Dharma means that which is to be held fast or kept — law, usage, custom, religion, piety, right, equity, duty, good works, and morality. It is, in short, the eternal and immutable (sanātana) principles which hold together the universe in its parts and in its whole, whether organic or inorganic matter. “That which supports and holds together for well-being of the peoples (of the universe) is dharma.” “It was declared for well-being and bringeth well-being. It upholds and preserves. Because it supports and holds together, it is called Dharma. By Dharma are the people upheld.” It is, in short, not an artificial rule, but the principle of right living. The mark of dharma and of the good is ācāra (good conduct), from which dharma is born and fair fame is acquired here and hereafter. The sages embraced ācāra as the root of all tapas. Dharma is not only the principle of right living, but also its application. That course of meritorious action by which man fits himself for this world, heaven, and liberation. Dharma is also the result of good action — that is, the merit acquired thereby.
The word dharma acquires specific and technical meanings within particular sects, but the generalised definition above, in my view, correlates with the Qur’anic meaning of al ṣalāt and could in all cases where the ṣalāt and its root derivates occur in the Qur’an, replace it. Those who know the Qur’an well will readily appreciate how the definition above not only fits with the Qur’anic use of al ṣalāt but also that it dovetails with broader Qur’anic themes (charity, good works, faith in God, patience in adversity, etc.).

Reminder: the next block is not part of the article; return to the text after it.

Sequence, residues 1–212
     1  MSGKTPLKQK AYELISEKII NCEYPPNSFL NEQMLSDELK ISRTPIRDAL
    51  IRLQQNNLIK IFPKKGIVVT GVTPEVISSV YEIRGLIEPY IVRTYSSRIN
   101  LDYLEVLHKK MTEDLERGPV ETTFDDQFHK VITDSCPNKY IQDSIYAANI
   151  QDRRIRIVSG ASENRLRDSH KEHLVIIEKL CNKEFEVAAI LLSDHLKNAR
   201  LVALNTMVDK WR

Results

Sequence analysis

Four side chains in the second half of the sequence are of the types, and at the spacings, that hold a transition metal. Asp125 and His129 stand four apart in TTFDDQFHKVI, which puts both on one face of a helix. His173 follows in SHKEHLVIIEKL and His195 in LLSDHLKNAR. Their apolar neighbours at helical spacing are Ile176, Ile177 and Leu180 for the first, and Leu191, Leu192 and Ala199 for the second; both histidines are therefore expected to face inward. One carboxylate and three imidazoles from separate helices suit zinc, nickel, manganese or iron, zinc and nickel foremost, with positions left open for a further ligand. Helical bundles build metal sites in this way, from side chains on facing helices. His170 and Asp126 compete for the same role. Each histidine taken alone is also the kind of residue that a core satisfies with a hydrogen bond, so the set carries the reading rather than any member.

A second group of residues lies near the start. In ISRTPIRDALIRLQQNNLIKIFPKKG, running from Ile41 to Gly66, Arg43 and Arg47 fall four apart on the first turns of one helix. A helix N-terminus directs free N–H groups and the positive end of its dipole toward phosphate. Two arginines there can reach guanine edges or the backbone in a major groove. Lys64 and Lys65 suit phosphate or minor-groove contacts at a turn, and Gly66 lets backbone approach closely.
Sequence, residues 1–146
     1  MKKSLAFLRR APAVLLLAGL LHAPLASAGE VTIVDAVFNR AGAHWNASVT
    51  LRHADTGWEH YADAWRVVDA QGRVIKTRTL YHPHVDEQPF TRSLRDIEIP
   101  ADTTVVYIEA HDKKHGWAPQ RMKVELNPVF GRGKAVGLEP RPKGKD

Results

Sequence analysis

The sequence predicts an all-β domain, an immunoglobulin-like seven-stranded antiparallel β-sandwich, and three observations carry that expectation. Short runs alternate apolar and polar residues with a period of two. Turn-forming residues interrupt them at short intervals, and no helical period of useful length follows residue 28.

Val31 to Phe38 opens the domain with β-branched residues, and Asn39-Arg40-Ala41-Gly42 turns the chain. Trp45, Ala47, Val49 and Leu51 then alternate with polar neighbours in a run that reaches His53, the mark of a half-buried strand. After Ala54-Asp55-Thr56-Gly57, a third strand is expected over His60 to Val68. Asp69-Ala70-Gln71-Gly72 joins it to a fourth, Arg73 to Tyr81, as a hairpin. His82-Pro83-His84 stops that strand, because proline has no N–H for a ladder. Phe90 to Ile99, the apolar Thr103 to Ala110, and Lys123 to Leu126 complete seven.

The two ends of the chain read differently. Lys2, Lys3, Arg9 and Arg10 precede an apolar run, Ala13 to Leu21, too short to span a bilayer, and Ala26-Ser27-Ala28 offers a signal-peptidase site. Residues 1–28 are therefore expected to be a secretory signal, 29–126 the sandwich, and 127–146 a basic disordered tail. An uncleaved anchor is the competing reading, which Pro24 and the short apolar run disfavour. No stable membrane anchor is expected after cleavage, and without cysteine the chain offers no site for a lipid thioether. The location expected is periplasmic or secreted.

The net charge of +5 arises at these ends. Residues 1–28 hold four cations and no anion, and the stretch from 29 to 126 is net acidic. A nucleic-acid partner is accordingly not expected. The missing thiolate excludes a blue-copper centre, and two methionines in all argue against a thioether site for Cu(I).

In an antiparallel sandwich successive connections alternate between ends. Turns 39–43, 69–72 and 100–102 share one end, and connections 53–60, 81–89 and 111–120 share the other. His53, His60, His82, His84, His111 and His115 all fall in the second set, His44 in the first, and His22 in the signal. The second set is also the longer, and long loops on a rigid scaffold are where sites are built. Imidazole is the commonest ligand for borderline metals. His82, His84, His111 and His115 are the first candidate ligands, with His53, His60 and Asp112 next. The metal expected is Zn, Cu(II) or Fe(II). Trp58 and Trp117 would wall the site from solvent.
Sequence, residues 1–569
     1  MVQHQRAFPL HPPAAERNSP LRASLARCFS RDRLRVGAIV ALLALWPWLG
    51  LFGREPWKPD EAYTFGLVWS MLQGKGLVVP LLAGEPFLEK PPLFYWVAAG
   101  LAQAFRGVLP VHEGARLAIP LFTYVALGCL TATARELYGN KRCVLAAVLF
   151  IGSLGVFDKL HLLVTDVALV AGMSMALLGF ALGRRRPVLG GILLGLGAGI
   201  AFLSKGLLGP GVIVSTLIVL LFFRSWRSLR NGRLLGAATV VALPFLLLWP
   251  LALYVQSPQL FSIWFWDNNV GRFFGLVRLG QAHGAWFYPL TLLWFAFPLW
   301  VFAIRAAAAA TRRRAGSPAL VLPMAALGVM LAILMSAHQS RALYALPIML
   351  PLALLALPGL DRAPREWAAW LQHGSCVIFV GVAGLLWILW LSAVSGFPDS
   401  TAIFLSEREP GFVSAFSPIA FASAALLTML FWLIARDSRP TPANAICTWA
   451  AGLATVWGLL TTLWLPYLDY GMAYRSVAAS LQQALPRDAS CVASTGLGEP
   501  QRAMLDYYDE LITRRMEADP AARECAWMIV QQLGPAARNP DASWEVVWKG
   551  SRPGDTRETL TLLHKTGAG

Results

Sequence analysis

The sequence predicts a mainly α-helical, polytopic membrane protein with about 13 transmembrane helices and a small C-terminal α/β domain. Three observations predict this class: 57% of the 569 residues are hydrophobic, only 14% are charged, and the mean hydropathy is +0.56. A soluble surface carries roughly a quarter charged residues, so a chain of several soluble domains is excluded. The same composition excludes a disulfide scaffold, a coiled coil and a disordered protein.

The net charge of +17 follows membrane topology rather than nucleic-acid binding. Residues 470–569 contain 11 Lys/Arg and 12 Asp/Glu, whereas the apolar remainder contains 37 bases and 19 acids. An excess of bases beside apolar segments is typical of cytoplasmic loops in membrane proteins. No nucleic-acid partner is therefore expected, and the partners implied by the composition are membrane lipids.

and of what We have provided them they spend
- How a man spends his money tells us who he is. Wealth does not change the music of a man’s soul; what it does is turn the volume up.
- Wealth makes the inferior soul arrogant and the superior soul grateful; understanding that everything one has comes from God spurs one to spend.
- Material spending is but one form of charity; God has also given men talents, time, social advantages, intelligence, and so on. These can also be regarded as resources for charity.
- To give charity well is not easy (consider 2:264, 4:38). One has to find the correct recipient and give in a way which does not rob that person of their dignity, and to remember that it was God who gave us what we have and that the occasion of giving is a blessing for us.
And those who believe in what was sent down to thee, and what was sent down before thee, and of the Hereafter they are certain:
- God has given various dispensations and revelations, suitable for men at different times; this verse identifies those who believe in one or more of those while being certain of the life to come.
- Deep conviction in the reality of both ultimate accountability and eternal rewards and punishments is the core criterion by which types of men may be identified. It marks the difference between the delusional (cf. modern insanity: entitlement and expectation of reward for no achievement), and the realistic (i.e. understanding that there is a direct correlation between what one does and what one gets — even if Righteous Judgment is withheld to a point which pertains to the Unseen, rather to the seen).
Those are upon guidance from their Lord; and it is they who are the successful.
The section above provides the definition for those identified at 2:5. The Qur’an contains a number of what I call Qur’anic definitions, and understanding of this feature forms a key part of my method. There are surely more such definitions than those I identify in my work; rather than to provide an exhaustive list, I wished to provide, rather, a demonstration of a method which would allow further work to be done.
- My full translation of the Qur’an which demonstrates a hermeneutic in keeping with key points above may be downloaded free here or accessed online here.
- My full work on the mysterious letters of the Qur’an may be downloaded free here.
The notes above form the basis for a YouTube presentation which can be found here.